To decrease the amount of nitrogen pollution causing biodiversity loss, governments will commit to halving nutrient runoff by 2030 as part of an agreement for nature currently being negotiated in Kunming. Halting the waste of vast amounts of nitrogen fertiliser in agriculture is a key part of meeting the target, says Kevin Hicks, a senior research fellow at the Stockholm Environment Institute centre at York.
“One of the biggest problems is the flow of nitrogen from farming into watercourses,” Hicks says. “In terms of a nitrogen footprint, the most intensive thing that you can eat is meat. The more meat you eat, the more nitrogen you’re putting into the environment.”
Mark Sutton, a professor at the UK Centre for Ecology & Hydrology, says reducing nitrogen pollution also makes economic sense.
“Nitrogen in the atmosphere is 78% of every breath we take. It does nothing, it’s very stable and makes the sky blue. Then there are all these other nitrogen compounds: ammonia, nitrates, nitrous oxide. They create air and water pollution,” he says. He argues that if you price every kilo of nitrogen at $1 (an estimated fertiliser price), and multiply it by the amount of nitrogen pollution lost in the world – 200bn tonnes – it amounts to $200bn (GBP147bn) every year.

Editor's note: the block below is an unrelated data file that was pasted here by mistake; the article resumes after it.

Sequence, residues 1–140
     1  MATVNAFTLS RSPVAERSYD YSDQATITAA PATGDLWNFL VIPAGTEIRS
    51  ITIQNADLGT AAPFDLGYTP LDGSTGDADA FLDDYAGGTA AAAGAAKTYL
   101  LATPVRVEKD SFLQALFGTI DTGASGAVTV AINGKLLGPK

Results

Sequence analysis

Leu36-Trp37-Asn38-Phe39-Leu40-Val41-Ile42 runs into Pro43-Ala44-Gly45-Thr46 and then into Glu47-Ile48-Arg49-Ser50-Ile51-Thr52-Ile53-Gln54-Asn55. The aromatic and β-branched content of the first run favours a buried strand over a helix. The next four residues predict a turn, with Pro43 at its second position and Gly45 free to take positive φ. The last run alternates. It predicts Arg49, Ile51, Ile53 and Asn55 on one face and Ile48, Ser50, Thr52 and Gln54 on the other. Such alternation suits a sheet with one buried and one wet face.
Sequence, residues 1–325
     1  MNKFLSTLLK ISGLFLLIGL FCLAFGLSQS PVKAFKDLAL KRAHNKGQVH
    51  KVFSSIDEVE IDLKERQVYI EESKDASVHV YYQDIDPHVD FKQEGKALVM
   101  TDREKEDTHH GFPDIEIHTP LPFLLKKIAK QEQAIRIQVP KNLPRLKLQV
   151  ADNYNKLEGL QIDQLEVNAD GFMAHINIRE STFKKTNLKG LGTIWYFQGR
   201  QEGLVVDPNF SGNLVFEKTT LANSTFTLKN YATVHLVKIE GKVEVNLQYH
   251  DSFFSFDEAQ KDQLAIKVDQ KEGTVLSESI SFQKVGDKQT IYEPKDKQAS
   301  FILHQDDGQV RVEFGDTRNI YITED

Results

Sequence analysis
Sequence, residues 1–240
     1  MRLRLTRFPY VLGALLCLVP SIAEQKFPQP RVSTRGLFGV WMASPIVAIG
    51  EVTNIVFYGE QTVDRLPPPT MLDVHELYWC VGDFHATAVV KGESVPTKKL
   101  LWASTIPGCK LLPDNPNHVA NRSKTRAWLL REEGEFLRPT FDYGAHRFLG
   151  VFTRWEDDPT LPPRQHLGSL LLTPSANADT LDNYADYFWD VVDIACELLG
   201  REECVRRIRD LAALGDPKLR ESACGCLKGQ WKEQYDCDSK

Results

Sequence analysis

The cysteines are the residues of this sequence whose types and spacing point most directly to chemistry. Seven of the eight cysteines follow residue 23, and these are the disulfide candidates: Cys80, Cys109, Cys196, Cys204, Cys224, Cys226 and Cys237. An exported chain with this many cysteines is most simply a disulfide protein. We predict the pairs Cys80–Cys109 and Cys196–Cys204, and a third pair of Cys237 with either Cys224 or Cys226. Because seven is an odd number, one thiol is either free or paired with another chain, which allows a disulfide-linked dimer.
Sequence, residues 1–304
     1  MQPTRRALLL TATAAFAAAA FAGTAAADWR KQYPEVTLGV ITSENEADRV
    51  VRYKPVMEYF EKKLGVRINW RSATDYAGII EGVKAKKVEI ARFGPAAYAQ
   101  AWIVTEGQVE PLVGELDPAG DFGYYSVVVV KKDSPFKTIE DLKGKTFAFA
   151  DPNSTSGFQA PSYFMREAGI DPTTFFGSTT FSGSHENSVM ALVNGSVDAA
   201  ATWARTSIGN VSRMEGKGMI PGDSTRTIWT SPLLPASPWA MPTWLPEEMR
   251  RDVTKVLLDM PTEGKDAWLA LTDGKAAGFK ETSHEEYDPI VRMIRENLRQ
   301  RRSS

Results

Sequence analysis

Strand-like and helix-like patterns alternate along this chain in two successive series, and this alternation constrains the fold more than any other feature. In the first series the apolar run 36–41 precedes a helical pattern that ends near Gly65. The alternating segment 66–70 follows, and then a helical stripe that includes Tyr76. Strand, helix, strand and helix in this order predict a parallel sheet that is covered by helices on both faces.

“The goal to cut nitrogen waste in half would save you $100bn,” he says. “I think $100bn a year is a worthwhile saving.”
The problem for islands: ‘We have to be very careful’
On Gough Island in the southern Atlantic Ocean, scores of seabird chicks are eaten by mice every year. The rodents were accidentally introduced by sailors in the 19th century and their population has surged, putting the Tristan albatross – one of the largest of its species – at risk of extinction along with dozens of rare seabirds. Although Tristan albatross chicks are 300 times the size of mice, two-thirds did not fledge in 2020 largely because of the injuries they sustained from the rodents, according to the RSPB.